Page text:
432 Park Avenue (center in the photo above) claims the title of tallest residential building in the Western Hemisphere, and second tallest building (after the new One World Trade Center) in New York City, but if measured by roof height the tallest. It’s described by its architect, Rafael Viñoly, as designed around “the purest geometric form: the square.” Not only is the building’s horizontal cross section a square, but all the windows are squares. It dominates the midtown skyline with the grace of a colossal headless Pez dispenser, or upraised middle finger (the photo above was taken from Pier 1, Brooklyn Bridge Park). Aaron Betsky admires its “relentlessness”; I demur. Betsky also celebrates how 432 Park “represents the transformation of this and every other city into a place for the wealthy to live and play” as if driving out struggling artists and other relatively impecunious but creative people, and the inexpensive infrastructure that supports them, constitutes progress.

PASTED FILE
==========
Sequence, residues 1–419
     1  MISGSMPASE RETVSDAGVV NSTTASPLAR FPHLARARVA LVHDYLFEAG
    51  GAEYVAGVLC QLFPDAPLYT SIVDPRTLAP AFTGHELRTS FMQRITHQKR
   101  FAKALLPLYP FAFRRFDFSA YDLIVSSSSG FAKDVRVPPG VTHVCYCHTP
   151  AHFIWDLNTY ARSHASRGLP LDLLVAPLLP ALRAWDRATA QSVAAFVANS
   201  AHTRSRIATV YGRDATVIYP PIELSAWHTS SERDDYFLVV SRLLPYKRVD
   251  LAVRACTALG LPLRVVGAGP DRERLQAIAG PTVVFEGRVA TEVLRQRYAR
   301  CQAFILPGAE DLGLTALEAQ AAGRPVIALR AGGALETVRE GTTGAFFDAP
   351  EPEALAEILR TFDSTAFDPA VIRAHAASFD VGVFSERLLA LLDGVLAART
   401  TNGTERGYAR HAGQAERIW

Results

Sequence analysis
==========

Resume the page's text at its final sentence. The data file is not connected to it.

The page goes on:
With bad luck, we may be subjected to more Viñoly designs, like 125 Greenwich Street, all of which will end up being pieds a terre for billionaires, with perhaps a few lower floor, smaller apartments going to mere multi-millionaires.
Viñoly discusses his design philosophy in this video. He plays piano well.
The developers of 432 Park are CIM Group and Macklowe Properties. Harry Macklowe is a developer whose company was once fined two million dollars for reckless endangerment resulting from the rapid night-time demolition of two buildings. Macklowe compares 432 Park to the Mona Lisa.
Source: Self-Absorbed Boomer